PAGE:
My food is burnt. I suppose I could send it back- I did pay good money for it. But instead I will soldier on and gnaw on this rubbish in solemn silence. After all, mustn’t grumble. Yes, this is the right choice. This is always the right choice.
4. Royal protocol and history
True story. I was once at an event where Prince Charles was expected to show up. We were given a briefing on royal protocol, including how to greet him with a curtsy or bow and a “good day your grand royal supremeness,” or whatever. It was all Numberwang to me. When Charles came around, all that tosh flew out of my head and I gave him a firm handshake and said: “Hey, how are you doing?”
In the UK, they take their royalty seriously. History lessons in schools here dwell in great detail on the lineage of the monarchy and their place in world affairs. Britons are raised to know all about the differences between Stuarts and Tudors, Windsors and Normans, but American brains aren’t trained, or designed that way. Here’s a summary of everything most Americans can tell you about the esteemed lineage and history of Britain’s Kings and Queens:
- There was Henry the VIII, he was that fat one who created the church of England because he wanted a new wife.
- There was that greedy one who kept taxing the colonies in America until we dumped all his tea in Boston Harbor. I forget his name, but he was a real sumbitch. Didn’t he go crazy or something after we whupped his ass in the revolution?
- Queen Victoria- she ruled for like 100 years, covered up the secret identity of Jack the Ripper and invented a type of house design. Keira Knightley plays her in all the movies.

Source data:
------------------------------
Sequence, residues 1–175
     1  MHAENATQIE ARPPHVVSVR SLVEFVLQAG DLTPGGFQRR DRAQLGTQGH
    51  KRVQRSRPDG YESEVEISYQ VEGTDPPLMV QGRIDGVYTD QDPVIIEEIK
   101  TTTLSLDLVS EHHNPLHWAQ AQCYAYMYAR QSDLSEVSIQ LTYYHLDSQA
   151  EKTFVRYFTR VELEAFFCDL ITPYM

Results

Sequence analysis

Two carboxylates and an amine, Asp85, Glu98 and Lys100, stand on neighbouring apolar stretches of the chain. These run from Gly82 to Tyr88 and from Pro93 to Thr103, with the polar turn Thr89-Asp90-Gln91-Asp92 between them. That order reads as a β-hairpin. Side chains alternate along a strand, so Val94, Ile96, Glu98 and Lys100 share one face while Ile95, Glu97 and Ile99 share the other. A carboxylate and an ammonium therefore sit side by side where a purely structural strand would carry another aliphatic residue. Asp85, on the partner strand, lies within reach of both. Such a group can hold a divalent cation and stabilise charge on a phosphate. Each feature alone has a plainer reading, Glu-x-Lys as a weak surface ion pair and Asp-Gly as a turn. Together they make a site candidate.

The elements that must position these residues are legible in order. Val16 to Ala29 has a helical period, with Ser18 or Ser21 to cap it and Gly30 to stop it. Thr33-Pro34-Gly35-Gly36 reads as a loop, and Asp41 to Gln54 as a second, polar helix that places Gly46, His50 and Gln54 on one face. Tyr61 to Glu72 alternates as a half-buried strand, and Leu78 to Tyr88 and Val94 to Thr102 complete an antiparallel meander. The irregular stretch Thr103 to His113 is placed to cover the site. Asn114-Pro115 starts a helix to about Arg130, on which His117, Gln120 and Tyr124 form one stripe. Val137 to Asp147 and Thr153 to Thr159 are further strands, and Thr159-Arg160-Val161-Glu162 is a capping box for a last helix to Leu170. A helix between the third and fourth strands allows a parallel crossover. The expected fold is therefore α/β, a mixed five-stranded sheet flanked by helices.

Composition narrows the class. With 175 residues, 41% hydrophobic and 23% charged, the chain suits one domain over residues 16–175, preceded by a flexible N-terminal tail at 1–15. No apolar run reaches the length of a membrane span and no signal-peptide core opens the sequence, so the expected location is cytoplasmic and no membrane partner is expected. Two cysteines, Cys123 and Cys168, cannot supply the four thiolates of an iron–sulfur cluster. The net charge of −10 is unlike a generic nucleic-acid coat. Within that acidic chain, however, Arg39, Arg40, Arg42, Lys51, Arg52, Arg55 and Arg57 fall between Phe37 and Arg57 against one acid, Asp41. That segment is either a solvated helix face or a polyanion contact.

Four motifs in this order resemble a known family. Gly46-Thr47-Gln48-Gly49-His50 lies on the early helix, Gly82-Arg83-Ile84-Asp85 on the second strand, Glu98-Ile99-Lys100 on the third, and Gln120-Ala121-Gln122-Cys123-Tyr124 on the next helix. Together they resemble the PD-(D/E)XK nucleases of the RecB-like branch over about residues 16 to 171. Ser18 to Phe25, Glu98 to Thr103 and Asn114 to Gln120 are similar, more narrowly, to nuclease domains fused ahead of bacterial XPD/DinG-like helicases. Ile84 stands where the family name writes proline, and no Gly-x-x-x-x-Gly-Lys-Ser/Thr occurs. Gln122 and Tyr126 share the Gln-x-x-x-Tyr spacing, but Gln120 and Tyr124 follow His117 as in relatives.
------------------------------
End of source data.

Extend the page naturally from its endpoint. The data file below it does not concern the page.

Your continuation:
- There’s that King in the old newsreel footage who gave up the throne because he wanted to marry an American and not a royal inbred cousin. I think later on he became a Nazi and they locked him away in a cupboard or something until World War II was over.
- There’s Princess Diana. She was nice. We liked her. And then you killed her.
- Queen Elizabeth II, she gets to live forever and she has a big boat named after her.
4. Accents and the class system
You British people are really interested in each other’s class and accents. I guess you use this information the way dogs sniff each other’s bottoms – to determine dominance and social standing. But as a Yank, none of this makes much sense. I don’t mean it’s unfair or anti-egalitarian. I mean that it is bewildering and unnecessary. I have many questions:
Why do you have 6,000 accents in a country smaller than the state of Michigan? Why is it that people from the upper class often pretend to be from the middle class even though everyone can tell they’re not from how they speak? Why is it that if everyone claims to be, or aspires to be, middle class, that calling someone “middle class” is an insult that means they are a bourgeois conformist? If you have an upper and middle class, why don’t you call the next step down lower class? Or do you say “lower class” when “working class” people aren’t around to hear you? Why is it that when I can’t tell from your accent which class or which city you’re from, that you act like I don’t know the difference between a rhinoceros and a throw cushion? Why do you keep writing newspaper articles with titles like “The British obsession with class is firmly in the past?” Wouldn’t that be something only someone thoroughly (and currently) obsessed with class would even bother writing? As an American do I get a class? Do I have to register my class in a book somewhere? Can I invent my own class? What if I want to be “upper middle working class?” What if I want to be ‘classless?” Why are you laughing at me?